Conservation for tourism in Kenyan rangelands: a new threat to pastoral community livelihoods
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Conservation Solutions Afrika
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The “community-owned” wildlife conservancy model was an idea that emerged from the central theme, “benefits beyond boundaries,” of the 2003 International Union for Conservation of Nature (IUCN) World Parks Congress held in Durban, South Africa. This theme implied ensuring the flow of revenues and other nonmonetary benefits of parks to communities whose homes bordered the parks. This came after several years of growing criticism of the “fortress” conservation model that emphasized the fencing and patrol of parks to protect the wildlife confined therein. This new direction presented an apparent departure from the Victorian gamekeeper model that formed the basis of wildlife management structures in Kenya. Generally, this model involved prevention of subsistence use of natural resources by the proletariat in order to ensure their availability for recreational use by the elite. This sharing of benefits was further expanded into a model that proposed the establishment of conservancies outside protected areas, with the aim of creating coherent structures (conservancies) within community-owned lands where communities could formally manage their lands for the conservation of wildlife. This chapter explores how this model and the various interests embedded in it threaten the social and ecological integrity that conserved the wildlife and ecosystems for generations.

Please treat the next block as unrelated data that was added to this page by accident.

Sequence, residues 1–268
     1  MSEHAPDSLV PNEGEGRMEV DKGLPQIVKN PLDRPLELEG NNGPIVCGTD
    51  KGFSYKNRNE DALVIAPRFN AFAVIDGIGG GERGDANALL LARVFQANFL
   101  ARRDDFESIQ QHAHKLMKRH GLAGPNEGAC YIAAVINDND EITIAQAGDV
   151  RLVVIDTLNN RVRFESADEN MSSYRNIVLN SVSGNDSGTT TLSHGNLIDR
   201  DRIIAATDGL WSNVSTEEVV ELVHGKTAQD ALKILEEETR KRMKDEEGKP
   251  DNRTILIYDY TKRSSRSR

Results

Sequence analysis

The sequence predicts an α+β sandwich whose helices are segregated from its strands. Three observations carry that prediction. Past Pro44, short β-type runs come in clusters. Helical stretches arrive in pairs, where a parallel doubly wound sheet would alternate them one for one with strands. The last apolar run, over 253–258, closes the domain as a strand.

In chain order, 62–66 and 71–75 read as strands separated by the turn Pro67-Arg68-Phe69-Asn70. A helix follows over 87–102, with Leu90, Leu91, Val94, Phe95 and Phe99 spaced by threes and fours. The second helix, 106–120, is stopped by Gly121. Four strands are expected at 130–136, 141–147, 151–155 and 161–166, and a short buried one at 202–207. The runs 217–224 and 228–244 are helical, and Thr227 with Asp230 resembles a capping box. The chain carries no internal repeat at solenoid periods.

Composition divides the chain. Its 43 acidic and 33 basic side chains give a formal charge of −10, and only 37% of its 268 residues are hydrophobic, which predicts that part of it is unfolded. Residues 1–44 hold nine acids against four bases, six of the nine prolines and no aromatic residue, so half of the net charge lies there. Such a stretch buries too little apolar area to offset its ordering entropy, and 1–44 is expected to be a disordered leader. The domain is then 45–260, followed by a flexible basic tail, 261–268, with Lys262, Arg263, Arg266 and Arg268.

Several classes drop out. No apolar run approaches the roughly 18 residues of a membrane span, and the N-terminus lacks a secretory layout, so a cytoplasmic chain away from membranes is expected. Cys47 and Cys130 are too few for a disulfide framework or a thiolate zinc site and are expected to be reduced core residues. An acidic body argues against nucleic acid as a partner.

Kenya, Conservation, Tourism, Wildlife, Pastoral
Mordecai O. Ogada (Conservation Solutions Afrika)
The summary sheet for this case study is available here.
[Note: this case study originally appeared in the publication “Socio-ecological Production Landscapes and Seascapes in Africa“.]
The sites where the majority of these conservancies are located are mainly wildlife habitats in the rangelands of northern and southern Kenya, where the local community are maa-speaking pastoralists (Figure 1). The wildlife species present in the sites include elephant and several carnivore species, including lion (Panthera leo), hyena (Crocuta crocuta), leopard (P. pardus), and African wild dog (Lycaon pictus). The herbivore species include buffalo (Syncerus caffer), impala (Aepyceros melampus), gazelle (Gazella granti, G. thompsoni), zebra (Equus burchelli, E. grevyi), oryx (Oryx beisa), and eland (Taurotragus oryx).
The main benefits obtained by pastoralists from their environment are pasture and water for the livestock. They also obtain wood for fuel and construction of livestock corrals and houses. These resources are shared with the wildlife populations. These lands are community-owned and commonly grazed, so that there are no individual subdivisions of land, given that a key component of pastoralism as a livelihood is unrestricted movement across landscapes. There are no large wildlife populations in nonprotected areas of East Africa, other than the pastoral lands, further underscoring the principle that pastoralism as a livelihood is highly compatible with conservation of wildlife populations. The geographical and temporal niches exploited by the human and wildlife communities in these areas are maintained by the connectivity of habitats and freedom of human, livestock, and wildlife movement between them.
Figure 1: Map of Kenya showing the northern and southern rangelands. Source: Conservation Solutions Afrika
Characteristics of conservancy sites
Northern Kenya rangelands